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Sony is getting into the metaverse with a new motion-tracking system

Sony is getting into the metaverse with a new motion-tracking system


Mocopi is completely free of wires or base stations, allowing users to control a virtual reality avatar from any location.

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Two people next to brightly colored virtual reality avatars mirroring their movements.
Mocopi, a riff on motion capture and “copy”, uses small sensors to control an avatar in virtual reality in real time.
Image: Sony

Sony has announced Mocopi, a portable and lightweight motion capture system that can be used to control a digital avatar in real time within metaverse applications like VR Chat. The kit consists of six button-like tracking tags — one for your head, hip, both ankles, and both wrists — that use Bluetooth to pair with an Android or iOS smartphone app to input motion data to compatible services like Unity.

The Mocopi sensors measure 32mm (around 1.2 inches) in diameter and weigh just 8g, making them lighter than an Apple AirTag despite being of a similar size. The system is portable thanks to being completely wireless and not requiring a base station, and the trackers can be fully charged in around 90 minutes via the USB-C charging case. Sony claims Mocopi can achieve up to 10 hours of battery life, though this will depend on the usage environment.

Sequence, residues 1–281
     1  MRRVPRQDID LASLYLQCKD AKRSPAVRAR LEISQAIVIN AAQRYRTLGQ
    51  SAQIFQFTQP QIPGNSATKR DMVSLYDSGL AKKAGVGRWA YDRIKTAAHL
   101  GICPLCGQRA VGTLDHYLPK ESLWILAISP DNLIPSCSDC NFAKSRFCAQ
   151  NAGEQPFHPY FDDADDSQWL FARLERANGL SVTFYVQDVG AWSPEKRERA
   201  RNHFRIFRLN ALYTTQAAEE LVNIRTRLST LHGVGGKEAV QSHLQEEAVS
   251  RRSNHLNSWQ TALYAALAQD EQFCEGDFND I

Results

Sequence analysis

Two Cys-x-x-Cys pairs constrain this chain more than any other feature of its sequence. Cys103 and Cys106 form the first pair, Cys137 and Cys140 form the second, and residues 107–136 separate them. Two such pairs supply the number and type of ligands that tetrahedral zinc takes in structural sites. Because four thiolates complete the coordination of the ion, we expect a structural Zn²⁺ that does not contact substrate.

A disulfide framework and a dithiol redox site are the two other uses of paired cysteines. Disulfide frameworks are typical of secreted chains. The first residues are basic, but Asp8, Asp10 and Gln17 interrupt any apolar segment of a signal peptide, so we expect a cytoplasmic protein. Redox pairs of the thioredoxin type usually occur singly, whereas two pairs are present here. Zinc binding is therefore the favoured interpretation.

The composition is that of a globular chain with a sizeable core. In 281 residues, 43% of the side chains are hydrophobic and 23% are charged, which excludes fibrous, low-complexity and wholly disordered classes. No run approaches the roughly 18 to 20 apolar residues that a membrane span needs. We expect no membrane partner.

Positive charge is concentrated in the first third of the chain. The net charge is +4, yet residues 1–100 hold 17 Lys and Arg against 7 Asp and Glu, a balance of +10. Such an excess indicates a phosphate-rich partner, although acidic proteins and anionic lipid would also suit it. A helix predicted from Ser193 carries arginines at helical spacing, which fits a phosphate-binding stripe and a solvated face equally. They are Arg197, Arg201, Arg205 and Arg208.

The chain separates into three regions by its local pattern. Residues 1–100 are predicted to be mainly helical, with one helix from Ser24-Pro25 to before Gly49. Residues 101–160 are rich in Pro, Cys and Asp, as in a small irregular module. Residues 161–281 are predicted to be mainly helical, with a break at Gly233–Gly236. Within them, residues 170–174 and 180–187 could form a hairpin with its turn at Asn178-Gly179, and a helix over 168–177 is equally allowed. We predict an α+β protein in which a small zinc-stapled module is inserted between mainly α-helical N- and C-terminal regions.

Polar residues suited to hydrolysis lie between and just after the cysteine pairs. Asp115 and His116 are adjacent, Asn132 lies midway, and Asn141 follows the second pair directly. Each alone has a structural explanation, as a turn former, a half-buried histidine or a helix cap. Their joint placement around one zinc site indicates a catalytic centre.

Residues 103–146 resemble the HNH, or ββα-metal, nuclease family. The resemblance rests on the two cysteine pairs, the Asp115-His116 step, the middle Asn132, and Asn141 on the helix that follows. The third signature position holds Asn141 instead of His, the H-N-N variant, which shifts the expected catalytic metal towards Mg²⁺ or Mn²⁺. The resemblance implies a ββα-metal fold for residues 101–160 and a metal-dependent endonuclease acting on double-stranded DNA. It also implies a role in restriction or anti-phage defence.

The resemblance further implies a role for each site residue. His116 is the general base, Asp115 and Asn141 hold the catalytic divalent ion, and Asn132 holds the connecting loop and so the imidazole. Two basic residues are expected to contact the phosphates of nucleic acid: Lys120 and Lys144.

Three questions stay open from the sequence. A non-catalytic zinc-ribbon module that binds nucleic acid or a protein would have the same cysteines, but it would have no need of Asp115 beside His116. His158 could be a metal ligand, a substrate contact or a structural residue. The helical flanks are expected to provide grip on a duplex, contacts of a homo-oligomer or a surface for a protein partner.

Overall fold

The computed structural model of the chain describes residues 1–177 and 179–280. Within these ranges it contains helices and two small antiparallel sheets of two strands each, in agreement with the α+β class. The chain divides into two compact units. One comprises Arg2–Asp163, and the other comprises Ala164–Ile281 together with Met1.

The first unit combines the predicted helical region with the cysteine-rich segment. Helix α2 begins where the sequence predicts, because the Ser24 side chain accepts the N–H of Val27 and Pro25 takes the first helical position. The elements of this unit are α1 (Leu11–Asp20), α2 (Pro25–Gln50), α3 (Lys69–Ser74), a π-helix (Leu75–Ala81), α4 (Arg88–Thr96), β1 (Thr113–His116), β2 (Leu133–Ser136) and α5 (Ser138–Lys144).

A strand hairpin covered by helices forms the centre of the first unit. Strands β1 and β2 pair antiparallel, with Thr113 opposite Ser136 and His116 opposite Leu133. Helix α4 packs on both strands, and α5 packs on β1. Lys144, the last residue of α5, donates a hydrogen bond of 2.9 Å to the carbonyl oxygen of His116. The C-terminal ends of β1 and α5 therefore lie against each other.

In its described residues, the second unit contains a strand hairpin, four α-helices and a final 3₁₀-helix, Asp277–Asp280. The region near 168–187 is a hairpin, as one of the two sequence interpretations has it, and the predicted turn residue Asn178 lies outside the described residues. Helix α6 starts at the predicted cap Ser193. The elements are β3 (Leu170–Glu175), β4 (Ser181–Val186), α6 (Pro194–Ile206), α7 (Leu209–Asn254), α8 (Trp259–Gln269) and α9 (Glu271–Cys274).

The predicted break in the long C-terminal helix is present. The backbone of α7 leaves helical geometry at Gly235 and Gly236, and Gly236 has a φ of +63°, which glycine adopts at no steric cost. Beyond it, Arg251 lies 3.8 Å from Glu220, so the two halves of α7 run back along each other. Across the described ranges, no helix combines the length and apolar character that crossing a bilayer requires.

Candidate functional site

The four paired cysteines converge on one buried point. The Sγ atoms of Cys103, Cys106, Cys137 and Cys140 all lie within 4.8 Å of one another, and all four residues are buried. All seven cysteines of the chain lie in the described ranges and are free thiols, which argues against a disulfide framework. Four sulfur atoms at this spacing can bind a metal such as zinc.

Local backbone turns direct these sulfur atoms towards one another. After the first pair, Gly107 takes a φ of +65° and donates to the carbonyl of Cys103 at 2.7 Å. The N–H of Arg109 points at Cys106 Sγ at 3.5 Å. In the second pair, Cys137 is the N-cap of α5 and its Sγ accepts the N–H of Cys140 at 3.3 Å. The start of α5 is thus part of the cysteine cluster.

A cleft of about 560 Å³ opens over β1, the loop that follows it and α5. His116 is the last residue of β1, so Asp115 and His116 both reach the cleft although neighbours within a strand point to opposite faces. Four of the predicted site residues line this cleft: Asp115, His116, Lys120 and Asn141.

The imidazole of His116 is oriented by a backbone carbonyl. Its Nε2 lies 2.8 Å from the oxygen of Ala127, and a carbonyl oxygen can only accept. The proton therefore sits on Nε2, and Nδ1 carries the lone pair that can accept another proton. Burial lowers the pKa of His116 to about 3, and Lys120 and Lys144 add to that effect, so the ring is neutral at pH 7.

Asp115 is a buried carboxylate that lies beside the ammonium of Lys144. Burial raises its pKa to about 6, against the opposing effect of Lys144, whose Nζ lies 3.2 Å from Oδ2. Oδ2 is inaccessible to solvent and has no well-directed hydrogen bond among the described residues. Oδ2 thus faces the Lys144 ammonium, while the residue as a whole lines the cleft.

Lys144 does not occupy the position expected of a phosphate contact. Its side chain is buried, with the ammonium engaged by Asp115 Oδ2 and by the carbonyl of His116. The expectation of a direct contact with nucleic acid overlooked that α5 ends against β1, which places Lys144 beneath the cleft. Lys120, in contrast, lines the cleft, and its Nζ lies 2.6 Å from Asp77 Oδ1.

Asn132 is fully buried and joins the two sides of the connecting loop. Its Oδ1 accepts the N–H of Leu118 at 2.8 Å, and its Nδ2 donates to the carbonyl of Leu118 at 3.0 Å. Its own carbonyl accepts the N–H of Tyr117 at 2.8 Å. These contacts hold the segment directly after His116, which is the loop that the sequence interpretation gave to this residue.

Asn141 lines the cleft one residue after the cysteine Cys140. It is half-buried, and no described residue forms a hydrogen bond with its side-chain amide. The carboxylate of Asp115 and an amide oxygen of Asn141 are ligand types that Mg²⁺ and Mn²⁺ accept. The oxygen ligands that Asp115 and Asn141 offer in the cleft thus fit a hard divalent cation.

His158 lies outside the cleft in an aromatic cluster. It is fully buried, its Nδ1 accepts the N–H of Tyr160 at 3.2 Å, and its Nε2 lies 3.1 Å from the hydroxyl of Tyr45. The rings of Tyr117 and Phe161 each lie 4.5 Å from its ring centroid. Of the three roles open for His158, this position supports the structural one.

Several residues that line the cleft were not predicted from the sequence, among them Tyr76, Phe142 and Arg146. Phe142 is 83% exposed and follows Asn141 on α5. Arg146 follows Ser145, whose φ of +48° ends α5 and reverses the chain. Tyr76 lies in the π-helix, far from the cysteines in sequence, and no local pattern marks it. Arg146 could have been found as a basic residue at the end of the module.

Sony’s Mocopi trackers


The Mocopi sensors each list which appendage you need to strap them to so the system doesn’t get your leg and arm movements mixed up.
Image: Sony

Sony is also releasing a software development kit (SDK) on December 15th that links motion capture data with metaverse services and 3D development software, such as Unity and Autodesk MotionBuilder. The translated press release announcing the tech suggests that this could be used to develop new services within fitness industries, and we can also picture it being utilized by game developers and VFX artists who lack the budget for professional-grade motion capture equipment.

The press release isn’t precise on a few details — namely if the Mocopi system can be connected directly to a VR headset or PC, or if the smartphone app is required for all external connectivity. Finger tracking also isn’t mentioned, which may indicate that users who need that functionality will need to utilize VR controllers or a Leap Motion tracker. Still, given this is a system completely free of base stations or wires, it could be a popular alternative to expensive motion-capture suits for Vtubers and early-metaverse adopters (you know, when it eventually rolls out legs).

Mocopi has a retail price of 49,500 yen (about $360) and is currently due to release in Late January 2023. We’ll have a chance to see it in action prior to release between December 3rd and December 18th however, when Sony demonstrates the tech at Virtual Market 2022 Winter.